The use of performance standards to describe desired attributes is the primary reason for creating them. Dogs are judged against these criteria in shows and competitions.
Do French bulldogs have an underbite?
The French bulldog has a skeletal misalignment known as “malocclusion.” Specifically, they have what is called class 3 malocclusion or mandibular mesioclusion. In simpler terms this means that the lower jaw is said to have an underbite, reverse scissor bite.
Can underbite cause problems in french bulldogs?
French bulldogs underbite is usually not problematic provided your Frenchie drinks, eats and cleans itself without experiencing any pain or bleeding. If the dog’s front teeth protrude when its mouth is closed then this may be an issue for you though!
But normal Frenchies with exposed fangs don’t need to worry because their facial structure allows broad mouths that meet at a very thick lip so no harm will come from the exposure.
Health issues from underbite
The undershot jaw can lead to health problems such as thickened gums and tooth decay if left unchecked for long periods of time! If you notice any issues with your pup’s eating habits or hygiene then be sure not hesitate in taking action immediately because there isn’t anything more important than your pups well-being.
You might think that in order for your pup’s teeth and gums be healthy, there should always be some space between their incisors on one side of his mouth or another? However, sometimes things can get reversed with no gap at all! This happens because the misaligned teeth are arranged such that they rub against each other while an individual chews which wears down soft tissue over time resulting in problems requiring immediate attention if left untreated.
Dental disease in french bulldogs
Dental disease is a serious problem for pets, affecting 80% of all dogs by age two. And unfortunately, your French Bulldog is more likely than other breeds to have problems with their teeth!
It starts when tartar build-up occurs on the enamel and progresses over time into an infection in which bacteria spreads from one tooth surface onto another – this can cause oral hygiene issues such as gingivitis or Periodontal Disease (pocket migration).
In some cases, plaque can turn into tartar after 24 hours. This is due to the salts in a dog’s mouth and it will cause an accumulation of bacteria which leads to other infections later on down the line!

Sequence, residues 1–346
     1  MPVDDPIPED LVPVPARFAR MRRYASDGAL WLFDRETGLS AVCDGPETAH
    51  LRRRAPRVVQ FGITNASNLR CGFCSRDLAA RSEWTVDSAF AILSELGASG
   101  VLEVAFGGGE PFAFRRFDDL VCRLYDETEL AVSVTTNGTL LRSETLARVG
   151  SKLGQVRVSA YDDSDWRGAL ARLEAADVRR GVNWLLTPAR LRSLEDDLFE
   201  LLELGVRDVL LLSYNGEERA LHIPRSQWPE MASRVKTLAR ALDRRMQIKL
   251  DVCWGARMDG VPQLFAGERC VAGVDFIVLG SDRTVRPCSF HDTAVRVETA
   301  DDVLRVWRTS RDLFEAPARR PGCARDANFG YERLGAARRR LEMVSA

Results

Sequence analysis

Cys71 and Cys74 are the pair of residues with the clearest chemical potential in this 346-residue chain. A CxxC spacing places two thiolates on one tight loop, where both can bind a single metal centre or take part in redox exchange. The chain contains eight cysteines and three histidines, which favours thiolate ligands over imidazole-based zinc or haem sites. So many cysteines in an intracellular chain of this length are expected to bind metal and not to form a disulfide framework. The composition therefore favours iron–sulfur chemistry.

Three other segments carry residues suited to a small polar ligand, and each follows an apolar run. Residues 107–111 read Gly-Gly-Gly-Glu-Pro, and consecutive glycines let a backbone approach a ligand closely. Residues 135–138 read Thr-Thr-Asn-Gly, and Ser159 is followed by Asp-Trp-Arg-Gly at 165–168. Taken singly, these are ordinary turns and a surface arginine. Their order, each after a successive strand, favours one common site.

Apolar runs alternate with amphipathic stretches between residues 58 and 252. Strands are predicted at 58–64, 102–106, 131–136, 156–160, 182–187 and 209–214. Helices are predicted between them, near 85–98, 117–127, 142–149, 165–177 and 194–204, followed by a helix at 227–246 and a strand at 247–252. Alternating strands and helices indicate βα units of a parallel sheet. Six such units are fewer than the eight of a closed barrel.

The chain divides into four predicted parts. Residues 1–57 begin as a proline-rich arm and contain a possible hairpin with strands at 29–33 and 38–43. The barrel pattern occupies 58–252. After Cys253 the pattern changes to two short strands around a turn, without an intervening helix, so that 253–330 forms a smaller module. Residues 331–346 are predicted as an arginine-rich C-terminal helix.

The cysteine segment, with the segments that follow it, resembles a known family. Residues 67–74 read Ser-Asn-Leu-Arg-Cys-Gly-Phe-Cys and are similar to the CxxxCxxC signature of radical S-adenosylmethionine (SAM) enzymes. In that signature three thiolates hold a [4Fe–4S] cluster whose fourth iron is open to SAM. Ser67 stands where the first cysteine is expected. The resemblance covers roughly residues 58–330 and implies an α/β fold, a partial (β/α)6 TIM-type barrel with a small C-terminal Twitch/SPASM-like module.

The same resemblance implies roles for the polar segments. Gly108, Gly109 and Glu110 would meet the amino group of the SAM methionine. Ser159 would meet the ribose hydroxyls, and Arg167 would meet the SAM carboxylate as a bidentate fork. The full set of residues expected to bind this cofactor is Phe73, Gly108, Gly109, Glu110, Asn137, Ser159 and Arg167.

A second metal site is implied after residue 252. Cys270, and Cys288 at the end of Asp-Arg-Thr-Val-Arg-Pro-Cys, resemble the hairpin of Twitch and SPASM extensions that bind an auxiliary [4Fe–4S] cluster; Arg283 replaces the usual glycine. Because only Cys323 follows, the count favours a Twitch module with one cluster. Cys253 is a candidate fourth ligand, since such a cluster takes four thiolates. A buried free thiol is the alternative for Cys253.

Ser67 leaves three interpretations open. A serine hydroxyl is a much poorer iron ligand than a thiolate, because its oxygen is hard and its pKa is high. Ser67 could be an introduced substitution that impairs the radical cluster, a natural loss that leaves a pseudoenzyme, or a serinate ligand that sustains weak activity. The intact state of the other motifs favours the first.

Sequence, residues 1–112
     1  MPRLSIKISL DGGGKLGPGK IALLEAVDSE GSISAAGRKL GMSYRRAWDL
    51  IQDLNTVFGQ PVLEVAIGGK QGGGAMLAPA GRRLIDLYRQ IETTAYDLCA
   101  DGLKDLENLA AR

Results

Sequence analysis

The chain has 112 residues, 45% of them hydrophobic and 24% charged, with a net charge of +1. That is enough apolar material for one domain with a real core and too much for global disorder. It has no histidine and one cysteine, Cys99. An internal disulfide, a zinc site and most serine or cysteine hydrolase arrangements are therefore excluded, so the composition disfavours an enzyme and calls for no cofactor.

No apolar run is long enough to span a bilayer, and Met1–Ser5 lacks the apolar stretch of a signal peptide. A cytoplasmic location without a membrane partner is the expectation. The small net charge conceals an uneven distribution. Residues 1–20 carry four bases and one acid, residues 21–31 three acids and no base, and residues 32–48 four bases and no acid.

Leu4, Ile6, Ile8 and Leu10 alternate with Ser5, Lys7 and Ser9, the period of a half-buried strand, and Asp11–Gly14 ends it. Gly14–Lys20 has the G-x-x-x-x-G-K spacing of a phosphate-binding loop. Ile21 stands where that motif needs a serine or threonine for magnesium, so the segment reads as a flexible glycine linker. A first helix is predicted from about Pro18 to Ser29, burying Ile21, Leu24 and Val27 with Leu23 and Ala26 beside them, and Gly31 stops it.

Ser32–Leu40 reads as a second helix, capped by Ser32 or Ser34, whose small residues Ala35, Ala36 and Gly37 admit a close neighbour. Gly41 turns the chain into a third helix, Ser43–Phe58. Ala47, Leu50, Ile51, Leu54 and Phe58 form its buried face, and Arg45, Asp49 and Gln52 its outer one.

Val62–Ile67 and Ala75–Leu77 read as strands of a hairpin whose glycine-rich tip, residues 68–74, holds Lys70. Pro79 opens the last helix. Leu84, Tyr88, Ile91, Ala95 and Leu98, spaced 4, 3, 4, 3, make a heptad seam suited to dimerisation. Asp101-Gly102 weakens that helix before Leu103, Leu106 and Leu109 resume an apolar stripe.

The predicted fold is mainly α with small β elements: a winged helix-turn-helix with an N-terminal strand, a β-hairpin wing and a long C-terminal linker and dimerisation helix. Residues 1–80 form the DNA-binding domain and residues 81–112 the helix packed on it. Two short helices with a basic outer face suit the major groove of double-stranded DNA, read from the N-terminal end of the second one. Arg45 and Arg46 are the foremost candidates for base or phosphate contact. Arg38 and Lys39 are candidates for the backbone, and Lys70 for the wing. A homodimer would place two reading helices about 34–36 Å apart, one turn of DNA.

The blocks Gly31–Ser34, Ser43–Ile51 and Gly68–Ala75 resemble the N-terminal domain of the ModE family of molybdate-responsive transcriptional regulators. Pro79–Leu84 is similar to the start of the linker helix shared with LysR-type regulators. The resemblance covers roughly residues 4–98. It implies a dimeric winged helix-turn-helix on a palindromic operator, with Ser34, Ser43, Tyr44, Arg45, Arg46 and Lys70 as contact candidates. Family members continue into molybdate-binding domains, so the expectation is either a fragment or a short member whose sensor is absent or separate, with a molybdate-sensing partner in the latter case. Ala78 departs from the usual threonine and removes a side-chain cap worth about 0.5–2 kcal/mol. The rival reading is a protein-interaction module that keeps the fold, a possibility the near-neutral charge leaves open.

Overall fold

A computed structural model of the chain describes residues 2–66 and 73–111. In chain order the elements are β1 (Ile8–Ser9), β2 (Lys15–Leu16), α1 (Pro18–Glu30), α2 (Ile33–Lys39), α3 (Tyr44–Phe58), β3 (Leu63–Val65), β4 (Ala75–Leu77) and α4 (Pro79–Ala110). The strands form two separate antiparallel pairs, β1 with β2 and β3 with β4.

Not only does this sound terrible but also because if you don’t remove these high levels before they form then there’s no telling where those pesky germs could end up going – including straight through their bloodstream!
High dental hygiene practices are absolutely necessary for our furry friends’ well-being so please take care when brushing and dental hygiene chews when necessary.
Abscess in a french bulldog
One common dental infection that plagues French bulldogs is the abscess. This occurs when bacteria invades the gums and teeth, often as a result of poor oral hygiene. The resulting infection can cause significant pain and swelling, making it difficult for your dog to eat or drink. Left untreated, an abscess can eventually lead to tooth loss.
If you notice any of the following signs, please take your Frenchie to the veterinarian as soon as possible:
– Swelling or inflammation in the mouth area
– Pain when chewing or opening the mouth
– Discharge from the gums or teeth
– Bad breath
– Difficulty eating or drinking fluids
How to brush your french bulldog’s teeth
Brushing your Frenchie’s teeth can be a daunting task, but it’s important for their oral health. Here are some tips to make the process a little easier:
– Use a dog toothbrush and toothpaste specifically designed for pets. Human toothpaste is not safe for dogs and can actually cause stomach problems.
– Start brushing your dog’s teeth as soon as you bring him home from the breeder. The earlier, the better to start good habits.
– Brushing should be a fun, positive experience for your dog. Reward him with dental treats or petting when he allows you to brush his teeth without resistance.
– Use gentle circular motions and avoid pressing too hard on the gums.
– Brush at least once a day, but two times per day is ideal.
Use Dental treats and chew toys to keep your french bulldog’s teeth clean
– Dental treats are an excellent way to help reduce tartar buildup on your dog’s teeth.
Dry food (kibble) is not good for dogs’ teeth, so try switching to a wet diet that includes meat or chicken broth and raw veggies like carrots.
– We recommend A CHEW TOY to help get rid of plaque!
Use quality dog food to keep your dogs mouth and teeth clean
One way to help reduce your French bulldog’s risk of dental disease is to feed him a high-quality diet. Look for dog foods that are low in sugar and salt, and include plenty of fresh fruits and vegetables. Avoid processed treats and snacks whenever possible, as these can be harmful to your dog’s teeth.
French Bulldogs are prone to gum disease because their mouths are so small. Maintain a high level of cleanliness and reduce tartar buildup by brushing your dog’s teeth at least once or twice per week and feeding him food that includes probiotics.
we recommend a a probiotic supplementto help with digestion and overall oral health.
In conclusion, your Frenchie’s dental health can be greatly improved with regular brushing, the right food, dental chews, and chew toys. Don’t wait until your dog has a dental emergency to get him the help he needs. If you follow these simple tips, both of you will have fresh breath and clean teeth!
Thank you for reading this blog post about French Bulldog Teeth Problems.
Last update on 2022-10-02 / Affiliate links / Images from Amazon Product Advertising API